German academics resist ‘reductive’ public communication plans

Germany’s research ministry wants academia to provide the public with ‘answers’, but scholars say it’s not that simple

December 16, 2019
Source: Getty
False perspective: 13 German scholarly associations, largely in the humanities and social sciences, have criticised the approach as reductive

German academics have spoken out against a new government push for better communication with the public, arguing that it risks reducing scholarship to the mere production of “useful facts”.

Last month, Germany’s Federal Ministry of Education and Research unveiled measures to boost engagement, including making communication an “integral part” of its funding decisions and setting up an online tool to measure which strategies work best.

Launching the plans, minister Anja Karliczek said she wanted a “culture shift” in academia that would result in researchers providing “answers” in often fact-free public debate.

In response, 13 German scholarly associations, largely in the humanities and social sciences, have criticised the approach as reductive.

“It would be fatal to reduce science to useful fact production. It would also be fatal to make false promises to the public in this respect,” they say in a joint statement.

In addition to building evidence-based knowledge, research must also produce “complexity, doubt, tentativeness and new questions”, argue the organisations, which include national associations for historians, philosophers, sociologists, political scientists and anthropologists.

“You can’t go out there and promise that if we follow scientific evidence, everything will be fine,” said Paula-Irene Villa, professor of sociology and gender studies at LMU Munich, and one of the authors of the statement.

“I would agree that it is important to strengthen the relevance of fact, evidence and knowledge, especially for policymakers,” she said. However, “the problem is this reductionist view”, she added.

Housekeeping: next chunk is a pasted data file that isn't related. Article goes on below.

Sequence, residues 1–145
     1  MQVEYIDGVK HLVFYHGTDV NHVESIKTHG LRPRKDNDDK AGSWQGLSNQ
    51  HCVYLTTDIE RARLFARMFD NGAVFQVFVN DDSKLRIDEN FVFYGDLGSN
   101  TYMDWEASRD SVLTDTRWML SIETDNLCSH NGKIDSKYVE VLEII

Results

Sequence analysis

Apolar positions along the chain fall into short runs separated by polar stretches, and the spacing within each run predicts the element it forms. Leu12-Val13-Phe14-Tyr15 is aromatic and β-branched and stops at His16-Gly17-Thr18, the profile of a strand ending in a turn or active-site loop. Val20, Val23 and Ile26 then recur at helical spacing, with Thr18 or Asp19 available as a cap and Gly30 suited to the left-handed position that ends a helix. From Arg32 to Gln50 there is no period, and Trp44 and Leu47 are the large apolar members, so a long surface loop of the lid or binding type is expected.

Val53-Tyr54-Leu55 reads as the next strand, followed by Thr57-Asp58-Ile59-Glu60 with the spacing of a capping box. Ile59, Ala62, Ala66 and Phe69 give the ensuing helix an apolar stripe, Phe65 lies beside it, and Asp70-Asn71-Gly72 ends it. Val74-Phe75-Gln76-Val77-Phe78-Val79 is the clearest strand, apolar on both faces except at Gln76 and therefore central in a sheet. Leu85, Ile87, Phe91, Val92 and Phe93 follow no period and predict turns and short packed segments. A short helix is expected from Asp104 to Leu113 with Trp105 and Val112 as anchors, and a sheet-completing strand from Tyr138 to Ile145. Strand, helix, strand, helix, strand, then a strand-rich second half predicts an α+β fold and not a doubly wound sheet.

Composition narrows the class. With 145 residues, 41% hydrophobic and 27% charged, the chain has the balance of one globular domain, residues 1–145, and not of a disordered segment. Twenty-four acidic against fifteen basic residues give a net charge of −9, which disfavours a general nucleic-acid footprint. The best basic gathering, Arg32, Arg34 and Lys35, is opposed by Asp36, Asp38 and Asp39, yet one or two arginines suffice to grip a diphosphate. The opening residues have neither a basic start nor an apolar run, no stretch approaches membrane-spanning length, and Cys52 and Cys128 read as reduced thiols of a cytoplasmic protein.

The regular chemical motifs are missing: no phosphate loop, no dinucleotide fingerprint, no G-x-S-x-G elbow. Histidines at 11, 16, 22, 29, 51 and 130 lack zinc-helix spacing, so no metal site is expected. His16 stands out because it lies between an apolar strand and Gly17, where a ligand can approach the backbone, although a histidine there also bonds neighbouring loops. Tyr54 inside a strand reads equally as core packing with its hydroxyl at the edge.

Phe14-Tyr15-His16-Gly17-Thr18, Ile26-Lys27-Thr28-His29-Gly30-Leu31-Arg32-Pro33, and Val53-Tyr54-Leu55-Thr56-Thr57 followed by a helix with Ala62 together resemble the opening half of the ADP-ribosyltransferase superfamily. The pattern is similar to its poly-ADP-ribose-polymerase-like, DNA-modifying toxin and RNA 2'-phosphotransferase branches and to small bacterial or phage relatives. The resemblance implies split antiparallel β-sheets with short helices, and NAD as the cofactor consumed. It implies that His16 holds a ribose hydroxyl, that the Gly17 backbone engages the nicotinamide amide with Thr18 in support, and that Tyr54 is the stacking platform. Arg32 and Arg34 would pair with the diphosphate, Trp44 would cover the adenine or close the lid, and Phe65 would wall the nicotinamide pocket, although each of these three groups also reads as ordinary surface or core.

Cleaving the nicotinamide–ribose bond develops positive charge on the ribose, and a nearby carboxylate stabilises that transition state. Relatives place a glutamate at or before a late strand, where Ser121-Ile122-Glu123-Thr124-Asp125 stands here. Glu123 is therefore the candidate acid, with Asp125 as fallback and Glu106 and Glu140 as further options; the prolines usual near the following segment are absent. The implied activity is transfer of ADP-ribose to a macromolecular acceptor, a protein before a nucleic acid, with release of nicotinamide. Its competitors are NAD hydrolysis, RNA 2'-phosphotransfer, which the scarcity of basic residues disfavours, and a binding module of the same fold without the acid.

The science of climate change, for example, was “very clear”, but in response, “should Germany subsidise more train and tram travel and tax more strongly flying? On this concrete level, things are not so clear any more,” Professor Villa warned.

On other questions, such as whether inequality was worse today than it was a century ago, sociologists could often provide no clear answer, she said – much depended on what was measured.

More broadly, Professor Villa pushed back against what she described as the global spread of a sometimes “naive enthusiasm” for engaging the public.

“The main purpose of research is research, full stop,” she said. Although “research necessarily interacts with audiences and actors”, its legitimacy does not rest on whether it can be understood by the public, Professor Villa argued.

Another concern of researchers is that an emphasis on public understanding could “discriminate” against topics that attract little public interest, endangering Germany’s constitutionally enshrined freedom of research, the statement says.

Since she was appointed minister last year, Ms Karliczek has made public engagement a priority. In one of her first interviews after taking office, the conservative politician called on German academics to explain their work in less highbrow and more widely read publications.

A spokeswoman for the ministry said science communication plans would be required in future grant applications.

The specific type and amount of funding for science communication would vary depending on the call, she said. “A fixed quota is not planned,” she added in a statement.

“The main actors in science communication will remain the scientists themselves,” the spokeswoman explained. “In their project ideas, they can develop innovative concepts for communicating their research results to society.”

david.matthews@timeshighereducation.com

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Print headline: German scholars resist ‘reductive’ communication plans

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Reader's comments (1)

"German academics have spoken out against a new government push for better communication with the public, arguing that it risks reducing scholarship to the mere production of “useful facts”." Or apparently production of potentially biased 'facts' to suit a political agenda. Good luck to the academic who fights such things, too many 'facts' are anything but a 'fact'.

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